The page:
Researchers at Lawrence Berkeley National Labs in the US say they've developed a system for effectively prioritising traffic on the Web.
Working with router vendor Cisco Systems, the researchers say they've successfully demonstrated software that performs what they call "differentiated services".
The idea, according to Lawrence Berkeley's Stewart Loken, is to give individuals or organisations the ability to specify the priority of a particular data transmission. The Internet currently relies on a "best-effort" methodology for all traffic, whether it's junk e-mail or a digital video of a medical procedure.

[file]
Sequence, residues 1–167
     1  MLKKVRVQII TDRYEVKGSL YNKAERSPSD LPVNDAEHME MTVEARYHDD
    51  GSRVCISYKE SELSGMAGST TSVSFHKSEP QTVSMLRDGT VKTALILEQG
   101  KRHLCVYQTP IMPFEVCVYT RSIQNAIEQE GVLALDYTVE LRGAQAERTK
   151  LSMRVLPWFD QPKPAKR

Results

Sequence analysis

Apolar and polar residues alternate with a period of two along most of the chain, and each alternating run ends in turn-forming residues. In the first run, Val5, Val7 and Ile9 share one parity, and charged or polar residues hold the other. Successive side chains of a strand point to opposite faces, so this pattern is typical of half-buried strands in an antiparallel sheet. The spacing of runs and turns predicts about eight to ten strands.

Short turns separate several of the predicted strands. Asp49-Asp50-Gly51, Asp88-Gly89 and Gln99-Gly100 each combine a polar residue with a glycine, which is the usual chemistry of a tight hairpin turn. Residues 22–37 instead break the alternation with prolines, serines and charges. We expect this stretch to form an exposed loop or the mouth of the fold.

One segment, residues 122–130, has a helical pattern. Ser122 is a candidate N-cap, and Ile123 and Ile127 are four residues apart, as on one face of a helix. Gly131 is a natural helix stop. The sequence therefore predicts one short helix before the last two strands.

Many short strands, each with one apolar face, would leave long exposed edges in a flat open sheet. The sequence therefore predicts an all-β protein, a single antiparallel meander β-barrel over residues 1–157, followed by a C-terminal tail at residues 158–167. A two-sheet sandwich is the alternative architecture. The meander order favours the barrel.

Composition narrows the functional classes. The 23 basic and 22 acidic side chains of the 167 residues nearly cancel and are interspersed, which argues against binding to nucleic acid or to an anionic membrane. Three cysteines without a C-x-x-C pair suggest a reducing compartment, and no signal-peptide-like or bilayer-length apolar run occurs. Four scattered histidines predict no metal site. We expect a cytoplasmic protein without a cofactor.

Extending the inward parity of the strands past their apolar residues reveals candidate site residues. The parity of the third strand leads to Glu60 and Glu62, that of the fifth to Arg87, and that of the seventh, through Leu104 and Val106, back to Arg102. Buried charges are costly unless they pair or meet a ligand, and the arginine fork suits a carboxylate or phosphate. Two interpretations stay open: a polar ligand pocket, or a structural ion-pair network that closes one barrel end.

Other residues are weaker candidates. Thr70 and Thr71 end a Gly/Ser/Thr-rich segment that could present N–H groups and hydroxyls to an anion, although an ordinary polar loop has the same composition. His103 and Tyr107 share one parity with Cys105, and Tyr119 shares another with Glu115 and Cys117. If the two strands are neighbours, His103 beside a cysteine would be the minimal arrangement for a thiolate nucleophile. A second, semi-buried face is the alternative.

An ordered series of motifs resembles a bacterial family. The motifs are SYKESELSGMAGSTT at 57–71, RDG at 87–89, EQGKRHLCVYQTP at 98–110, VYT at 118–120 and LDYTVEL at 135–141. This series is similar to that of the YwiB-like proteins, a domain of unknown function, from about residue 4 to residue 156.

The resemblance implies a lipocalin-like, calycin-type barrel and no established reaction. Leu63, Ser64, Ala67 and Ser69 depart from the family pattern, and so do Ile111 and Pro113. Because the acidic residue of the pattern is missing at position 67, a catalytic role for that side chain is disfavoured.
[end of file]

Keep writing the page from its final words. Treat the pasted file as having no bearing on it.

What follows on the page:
Loken says the software is still in beta form and needs a bit of work before it can be marketed. But its feasibility is now proven.
According to Loken, "Once this is fully functional . . . I think we will see a transition to ISPs (Internet service providers) being able to differentiate between high-priority service that a small business might subscribe to and less-expensive space-available [service] for . . .a home."